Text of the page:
A Line in the Sand: Decision highlights barriers to creativity

RIDICULOUS. That was the word being thrown about this week when Masons of Bendigo was told to remove the picket fence from the footpath outside the restaurant.

- Was not constructed using an approved material;

- Was not constructed to the approved height and

- Enclosed the outdoor dining area in a manner that does not encourage active street frontage.

Yes, the fence was put up without permission, but golly gee what a shame one of the most tasteful al fresco dining areas in the city’s CBD now has to be pulled apart because of a loose code that claims to “set out the urban design standards for a lively city’’.

Lively? For the most part, the footpath along Queen Street between Mitchell and Williamson streets is difficult to navigate and strewn with trolleys or clothing racks full of sale items.

In other areas of the CBD, you have clothing racks on wheels and canvas banners with bold marketing. Some of them are just plain ugly and do little to entice people to stop in the heart of our city.

In keeping with its award-winning menu, Masons opted for a tasteful look. A look that most agree lifts Queen Street and the CBD – and certainly encourages activity on the street.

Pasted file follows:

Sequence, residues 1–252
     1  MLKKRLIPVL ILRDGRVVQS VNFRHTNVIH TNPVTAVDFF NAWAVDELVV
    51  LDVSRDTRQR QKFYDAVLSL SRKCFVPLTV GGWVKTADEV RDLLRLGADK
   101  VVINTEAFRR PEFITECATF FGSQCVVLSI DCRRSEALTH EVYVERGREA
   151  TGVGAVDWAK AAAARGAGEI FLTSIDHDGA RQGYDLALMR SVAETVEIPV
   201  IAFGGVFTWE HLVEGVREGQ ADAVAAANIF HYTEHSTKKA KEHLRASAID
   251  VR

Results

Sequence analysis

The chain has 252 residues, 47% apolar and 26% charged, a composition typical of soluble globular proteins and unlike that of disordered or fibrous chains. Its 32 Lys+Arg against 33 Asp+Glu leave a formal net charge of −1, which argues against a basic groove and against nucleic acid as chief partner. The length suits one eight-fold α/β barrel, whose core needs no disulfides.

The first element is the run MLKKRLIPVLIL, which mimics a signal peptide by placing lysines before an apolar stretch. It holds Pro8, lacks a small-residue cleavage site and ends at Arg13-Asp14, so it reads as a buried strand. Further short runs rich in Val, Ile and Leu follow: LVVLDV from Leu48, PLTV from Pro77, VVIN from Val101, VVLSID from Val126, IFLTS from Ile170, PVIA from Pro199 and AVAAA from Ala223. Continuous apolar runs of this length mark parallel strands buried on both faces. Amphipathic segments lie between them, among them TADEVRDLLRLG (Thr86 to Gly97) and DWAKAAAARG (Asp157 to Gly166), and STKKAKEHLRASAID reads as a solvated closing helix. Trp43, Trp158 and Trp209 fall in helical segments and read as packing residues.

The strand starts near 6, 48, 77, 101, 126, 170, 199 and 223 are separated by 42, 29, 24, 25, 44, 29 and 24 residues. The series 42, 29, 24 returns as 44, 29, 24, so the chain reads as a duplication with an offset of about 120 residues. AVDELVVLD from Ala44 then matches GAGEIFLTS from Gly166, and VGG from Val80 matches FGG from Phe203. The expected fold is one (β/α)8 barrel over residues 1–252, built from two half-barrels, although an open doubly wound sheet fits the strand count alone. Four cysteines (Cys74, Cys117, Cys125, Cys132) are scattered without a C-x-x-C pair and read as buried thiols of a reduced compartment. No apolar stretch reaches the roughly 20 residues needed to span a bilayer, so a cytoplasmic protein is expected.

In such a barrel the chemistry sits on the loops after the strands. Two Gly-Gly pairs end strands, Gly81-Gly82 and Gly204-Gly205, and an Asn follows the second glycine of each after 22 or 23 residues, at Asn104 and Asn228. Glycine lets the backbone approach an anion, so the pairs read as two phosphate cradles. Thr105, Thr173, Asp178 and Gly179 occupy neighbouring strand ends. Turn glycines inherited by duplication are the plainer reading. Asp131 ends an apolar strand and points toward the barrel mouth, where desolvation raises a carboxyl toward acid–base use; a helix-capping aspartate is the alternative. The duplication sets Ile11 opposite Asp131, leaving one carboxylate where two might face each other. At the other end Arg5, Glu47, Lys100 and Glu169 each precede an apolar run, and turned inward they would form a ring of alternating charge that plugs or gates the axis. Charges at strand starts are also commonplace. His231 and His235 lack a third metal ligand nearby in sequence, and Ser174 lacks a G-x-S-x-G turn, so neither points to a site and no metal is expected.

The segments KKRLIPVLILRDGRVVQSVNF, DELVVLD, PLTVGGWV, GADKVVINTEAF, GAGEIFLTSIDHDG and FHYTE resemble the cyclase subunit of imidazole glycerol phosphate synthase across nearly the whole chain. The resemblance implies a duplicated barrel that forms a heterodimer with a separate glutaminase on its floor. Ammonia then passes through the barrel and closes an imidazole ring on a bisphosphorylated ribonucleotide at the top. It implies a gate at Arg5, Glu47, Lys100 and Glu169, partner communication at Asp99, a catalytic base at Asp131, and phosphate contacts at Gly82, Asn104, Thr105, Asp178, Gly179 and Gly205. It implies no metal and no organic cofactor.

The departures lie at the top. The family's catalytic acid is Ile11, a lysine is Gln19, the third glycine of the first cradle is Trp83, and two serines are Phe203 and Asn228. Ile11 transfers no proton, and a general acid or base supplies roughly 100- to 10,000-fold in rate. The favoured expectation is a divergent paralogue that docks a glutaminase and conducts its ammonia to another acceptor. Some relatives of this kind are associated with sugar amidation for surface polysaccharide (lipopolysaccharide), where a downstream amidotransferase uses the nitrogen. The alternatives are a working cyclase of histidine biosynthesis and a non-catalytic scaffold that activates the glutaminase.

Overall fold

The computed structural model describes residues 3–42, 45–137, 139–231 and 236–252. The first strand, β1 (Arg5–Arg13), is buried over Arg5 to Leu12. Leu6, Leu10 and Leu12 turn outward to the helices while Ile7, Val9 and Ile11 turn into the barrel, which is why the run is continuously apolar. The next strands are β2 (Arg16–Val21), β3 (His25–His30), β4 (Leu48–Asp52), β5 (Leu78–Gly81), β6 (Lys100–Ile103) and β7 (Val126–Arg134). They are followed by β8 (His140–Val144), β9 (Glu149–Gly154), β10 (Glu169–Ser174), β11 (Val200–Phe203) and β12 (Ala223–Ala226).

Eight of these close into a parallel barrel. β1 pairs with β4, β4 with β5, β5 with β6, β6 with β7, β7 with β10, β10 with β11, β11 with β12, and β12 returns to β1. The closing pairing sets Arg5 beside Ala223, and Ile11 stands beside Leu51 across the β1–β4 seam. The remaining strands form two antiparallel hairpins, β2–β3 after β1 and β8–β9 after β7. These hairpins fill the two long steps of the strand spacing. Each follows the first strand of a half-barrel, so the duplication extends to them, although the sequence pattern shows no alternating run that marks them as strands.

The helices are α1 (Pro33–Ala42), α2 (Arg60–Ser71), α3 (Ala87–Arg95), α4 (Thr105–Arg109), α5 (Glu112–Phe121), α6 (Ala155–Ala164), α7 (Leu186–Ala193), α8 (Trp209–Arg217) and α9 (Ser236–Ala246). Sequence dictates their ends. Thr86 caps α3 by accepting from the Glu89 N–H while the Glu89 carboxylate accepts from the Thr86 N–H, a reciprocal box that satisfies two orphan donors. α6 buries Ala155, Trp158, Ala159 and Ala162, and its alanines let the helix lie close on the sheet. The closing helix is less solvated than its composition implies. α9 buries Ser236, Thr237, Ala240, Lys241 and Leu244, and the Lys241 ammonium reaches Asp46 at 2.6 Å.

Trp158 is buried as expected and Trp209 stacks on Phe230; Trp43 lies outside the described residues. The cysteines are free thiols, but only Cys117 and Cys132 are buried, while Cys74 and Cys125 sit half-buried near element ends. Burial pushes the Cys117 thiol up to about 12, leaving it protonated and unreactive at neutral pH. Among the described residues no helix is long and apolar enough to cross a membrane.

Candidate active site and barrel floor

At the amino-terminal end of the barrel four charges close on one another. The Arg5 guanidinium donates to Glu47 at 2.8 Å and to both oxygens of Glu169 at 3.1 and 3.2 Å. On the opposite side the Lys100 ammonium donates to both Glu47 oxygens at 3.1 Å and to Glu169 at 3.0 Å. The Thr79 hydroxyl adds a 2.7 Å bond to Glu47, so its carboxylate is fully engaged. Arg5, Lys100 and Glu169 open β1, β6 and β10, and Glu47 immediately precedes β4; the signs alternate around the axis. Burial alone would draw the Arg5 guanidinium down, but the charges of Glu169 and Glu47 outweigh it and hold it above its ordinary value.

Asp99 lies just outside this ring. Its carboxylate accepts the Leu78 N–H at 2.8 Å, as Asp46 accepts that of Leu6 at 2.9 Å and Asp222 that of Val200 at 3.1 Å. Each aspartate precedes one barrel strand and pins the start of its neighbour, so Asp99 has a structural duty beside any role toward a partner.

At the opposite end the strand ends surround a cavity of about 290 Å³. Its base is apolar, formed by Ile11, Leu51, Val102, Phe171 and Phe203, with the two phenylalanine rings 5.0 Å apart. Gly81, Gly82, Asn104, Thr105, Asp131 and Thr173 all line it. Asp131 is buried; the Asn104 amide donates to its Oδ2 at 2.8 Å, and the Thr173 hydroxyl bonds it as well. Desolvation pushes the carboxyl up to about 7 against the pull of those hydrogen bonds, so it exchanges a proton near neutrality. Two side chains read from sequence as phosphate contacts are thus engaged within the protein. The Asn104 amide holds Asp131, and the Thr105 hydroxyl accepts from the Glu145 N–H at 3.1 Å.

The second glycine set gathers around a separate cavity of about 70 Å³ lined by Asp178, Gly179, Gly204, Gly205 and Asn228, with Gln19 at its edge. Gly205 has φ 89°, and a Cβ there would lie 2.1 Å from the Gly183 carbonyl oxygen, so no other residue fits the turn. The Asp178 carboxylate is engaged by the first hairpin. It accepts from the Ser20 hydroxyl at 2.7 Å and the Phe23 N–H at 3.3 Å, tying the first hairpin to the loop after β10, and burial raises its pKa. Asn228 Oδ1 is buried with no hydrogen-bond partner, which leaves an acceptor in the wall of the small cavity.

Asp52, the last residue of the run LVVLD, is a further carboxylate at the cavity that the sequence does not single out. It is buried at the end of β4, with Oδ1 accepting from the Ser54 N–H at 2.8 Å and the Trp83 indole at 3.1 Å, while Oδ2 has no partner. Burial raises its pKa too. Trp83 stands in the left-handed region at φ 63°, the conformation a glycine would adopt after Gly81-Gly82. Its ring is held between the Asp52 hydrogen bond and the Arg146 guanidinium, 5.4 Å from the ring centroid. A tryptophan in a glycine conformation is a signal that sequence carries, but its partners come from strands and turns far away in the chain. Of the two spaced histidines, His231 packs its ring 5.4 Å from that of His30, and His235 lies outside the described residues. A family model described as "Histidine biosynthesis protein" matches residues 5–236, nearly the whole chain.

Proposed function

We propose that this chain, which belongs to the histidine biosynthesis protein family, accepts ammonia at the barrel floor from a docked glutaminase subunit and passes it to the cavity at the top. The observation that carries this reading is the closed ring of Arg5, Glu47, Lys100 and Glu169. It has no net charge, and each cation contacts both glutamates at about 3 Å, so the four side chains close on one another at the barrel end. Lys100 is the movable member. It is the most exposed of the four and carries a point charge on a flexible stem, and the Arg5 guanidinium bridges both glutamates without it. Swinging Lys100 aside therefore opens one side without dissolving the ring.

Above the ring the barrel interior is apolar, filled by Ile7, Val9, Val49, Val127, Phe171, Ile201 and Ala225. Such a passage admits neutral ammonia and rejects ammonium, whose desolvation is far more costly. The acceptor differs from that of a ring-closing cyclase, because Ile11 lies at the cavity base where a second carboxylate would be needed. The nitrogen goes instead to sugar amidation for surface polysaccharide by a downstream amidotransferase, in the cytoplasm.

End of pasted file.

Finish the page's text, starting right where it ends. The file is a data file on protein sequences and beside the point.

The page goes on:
The code talks about visual cues and the need to ensure spaces are “visually open’’ despite being closed off.

Barriers must be made of glass or low steel frames with canvas banners, and meet certain height requirements – but gosh, how unappealing would Masons be if it conformed to the generic Colorbond fence approach?

Part of the Masons dining experience is that it is intimate and warm – and the picketed area further enhances this.

After all, this is a building that overlooks a taxi rank – what a clever idea to give diners their own space rather than watch people come and go in cabs day and night.

This is not a fast food or take away, quick-bite-out-the-front venue. It is a place where people go to take their time and enjoy the experience. 

It is a place where people are willing to pay extra for something a bit nicer.

Surely, this city should be celebrating and encouraging anyone willing to invest in the CBD and try to raise its image and enhance its look.

The code also talks about footpath access and the need for all members of the community to freely move throughout the city.

To suggest the fence does not allow for pram, wheelchair or general access is ludicrous – you could almost bet anyone trying to access Queen Street on wheels would not be doing so from the road outside Masons – they would be doing so from the ramped areas, or car parks allocated to wheelchair spaces.

Given the pickets only go as deep as the tables and chairs permitted outside, there is still plenty of room on the footpath for all.

Masons cleverly put together an outdoor dining area that should have set the scene for our CBD going forward.

Creating an exciting CBD won’t happen if we paint every business with the same brush. 

What Masons of Bendigo offered was exciting for those happy to see a positive new direction – what a shame it will be short lived.

Nicole Ferrie is the Bendigo Advertiser’s deputy editor.  Email nicole.ferrie@fairfaxmedia.com.au


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